will come a day where alternative sources will need to be addressed and
implemented. We may soon be ordering a cockroach and locust pizza (perhaps with
lots of extra cheese at first), termite stew, or a beetle burger with a side of
worms. With the multiple benefits and advantages, the real question is “Why not
eat insects?”

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Topics: Pat Crowley, NOLS, Insect protein, Live the Dream, Aztecs, Water Supply, Crickets Ted Talk

Vivacious Young Woman to Conquer Denali

By Brent Wallen on Jan 31, 2013

“Once we
think it gets real, it gets realer”. “Check yourself before you wreck
yourself”. These quotes come from a valiant young lady blessed with an
opportunity most of us dream of. With Expedition Denali tiptoeing closer and
closer, a reality check summons Rosemary Saal to fully realize what lies ahead
of her this June. Measured from base to peak, Mt. McKinley soars 20,320 feet
into the frigid Alaskan air, and bows down to nobody.

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Topics: NOLS, Waddington Range, Expedition Denali, African American, Mt McKinley, Youth in the outdoors, youth of color, Live the Dream, Diversity

5th Edition of Wilderness Medicine to Hit Shelves

By Brent Wallen on Jan 23, 2013

Lander, Wyo.—The National Outdoor Leadership School (NOLS) will debut the fifth edition of NOLS Wilderness Medicine, a comprehensive first-aid book, at the Winter Outdoor Retailer (OR) Market Jan. 24 and 25 in Salt Lake City, Utah.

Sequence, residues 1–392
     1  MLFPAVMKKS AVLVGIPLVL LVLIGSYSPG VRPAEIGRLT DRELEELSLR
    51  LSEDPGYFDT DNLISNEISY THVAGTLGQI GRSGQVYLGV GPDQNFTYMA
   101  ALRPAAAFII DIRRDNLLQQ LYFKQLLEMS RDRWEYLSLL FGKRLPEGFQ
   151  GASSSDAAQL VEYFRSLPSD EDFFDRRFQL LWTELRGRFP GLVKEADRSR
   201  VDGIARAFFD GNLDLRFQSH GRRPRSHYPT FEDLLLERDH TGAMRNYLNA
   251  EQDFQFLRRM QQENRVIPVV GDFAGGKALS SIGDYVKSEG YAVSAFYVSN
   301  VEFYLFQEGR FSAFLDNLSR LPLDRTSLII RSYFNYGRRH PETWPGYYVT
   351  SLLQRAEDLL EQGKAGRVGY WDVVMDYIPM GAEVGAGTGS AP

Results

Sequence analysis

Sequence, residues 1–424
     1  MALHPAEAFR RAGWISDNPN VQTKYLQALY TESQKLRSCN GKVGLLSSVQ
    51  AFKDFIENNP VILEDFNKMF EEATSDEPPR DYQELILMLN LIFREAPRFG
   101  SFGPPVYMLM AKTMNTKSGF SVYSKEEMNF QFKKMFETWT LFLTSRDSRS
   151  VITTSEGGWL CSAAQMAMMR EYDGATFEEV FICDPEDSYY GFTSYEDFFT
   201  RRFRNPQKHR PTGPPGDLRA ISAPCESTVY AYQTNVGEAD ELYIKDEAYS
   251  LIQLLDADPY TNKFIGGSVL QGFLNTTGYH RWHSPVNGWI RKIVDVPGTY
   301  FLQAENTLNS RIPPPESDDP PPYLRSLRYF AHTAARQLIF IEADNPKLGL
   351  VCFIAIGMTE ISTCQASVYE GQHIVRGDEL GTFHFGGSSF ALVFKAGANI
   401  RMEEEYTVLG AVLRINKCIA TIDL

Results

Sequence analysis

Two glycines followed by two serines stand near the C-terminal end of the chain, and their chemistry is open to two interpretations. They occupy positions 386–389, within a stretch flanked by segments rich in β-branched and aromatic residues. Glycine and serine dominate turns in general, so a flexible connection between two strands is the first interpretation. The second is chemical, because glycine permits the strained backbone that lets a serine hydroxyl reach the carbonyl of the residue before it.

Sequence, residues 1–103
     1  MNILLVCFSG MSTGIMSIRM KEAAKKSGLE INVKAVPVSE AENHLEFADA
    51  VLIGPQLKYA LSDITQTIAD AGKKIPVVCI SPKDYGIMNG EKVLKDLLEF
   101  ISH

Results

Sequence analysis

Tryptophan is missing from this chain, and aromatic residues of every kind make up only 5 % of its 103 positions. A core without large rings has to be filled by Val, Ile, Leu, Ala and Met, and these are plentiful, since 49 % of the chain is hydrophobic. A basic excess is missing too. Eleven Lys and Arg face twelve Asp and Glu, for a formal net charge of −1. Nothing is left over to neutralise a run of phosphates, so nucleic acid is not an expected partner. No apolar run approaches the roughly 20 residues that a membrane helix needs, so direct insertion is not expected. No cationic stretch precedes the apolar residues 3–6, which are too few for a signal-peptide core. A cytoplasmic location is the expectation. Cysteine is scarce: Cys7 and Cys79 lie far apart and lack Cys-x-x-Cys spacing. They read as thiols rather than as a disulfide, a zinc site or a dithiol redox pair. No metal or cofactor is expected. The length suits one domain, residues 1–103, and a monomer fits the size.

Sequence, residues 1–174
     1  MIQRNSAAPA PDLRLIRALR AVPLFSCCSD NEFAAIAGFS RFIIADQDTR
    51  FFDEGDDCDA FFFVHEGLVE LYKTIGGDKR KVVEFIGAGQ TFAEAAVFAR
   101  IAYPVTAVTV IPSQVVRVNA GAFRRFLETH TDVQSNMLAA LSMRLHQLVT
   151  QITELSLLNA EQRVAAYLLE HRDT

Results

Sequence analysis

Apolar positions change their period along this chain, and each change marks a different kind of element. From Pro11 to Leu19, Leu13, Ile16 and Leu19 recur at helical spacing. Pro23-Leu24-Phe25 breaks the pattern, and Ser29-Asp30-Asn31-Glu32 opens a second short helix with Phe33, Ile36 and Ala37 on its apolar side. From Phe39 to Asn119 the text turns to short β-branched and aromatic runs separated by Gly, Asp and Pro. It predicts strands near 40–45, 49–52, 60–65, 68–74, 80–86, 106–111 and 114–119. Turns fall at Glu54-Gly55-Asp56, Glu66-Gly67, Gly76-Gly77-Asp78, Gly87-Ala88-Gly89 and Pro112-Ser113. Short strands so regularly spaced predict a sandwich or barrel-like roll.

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Topics: first aid, wilderness medicine, WMI, Educators Notebook

Grace Anderson: Diversity and Inclusion Fellow

By Brent Wallen on Jan 21, 2013

Variety is the spice of life. It is predicted that by the year 2042 the
Caucasian population will be the minority in the United States. Whether or not that sounds accurate to you is
beside the point. What we should
understand is the U.S. is a melting pot for all types of ethnicities, and it’s
important that we have an understanding of where we all come from
(geographically and culturally), and where we are headed. That being said, as
far as the outdoor world is concerned, it is historically accurate that Caucasians
(ever hear of Paul Bunyan, Jedidiah Smith, or John Colter?) have been in the
limelight. In NOLS’ case, it is a
primary goal to promote diversity and inclusion as much as possible within the
organization and the outdoors in general.

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Topics: NOLS, Behind the Scenes, outdoor recreation, Expedition Denali, Inclusion, youth of color, Diversity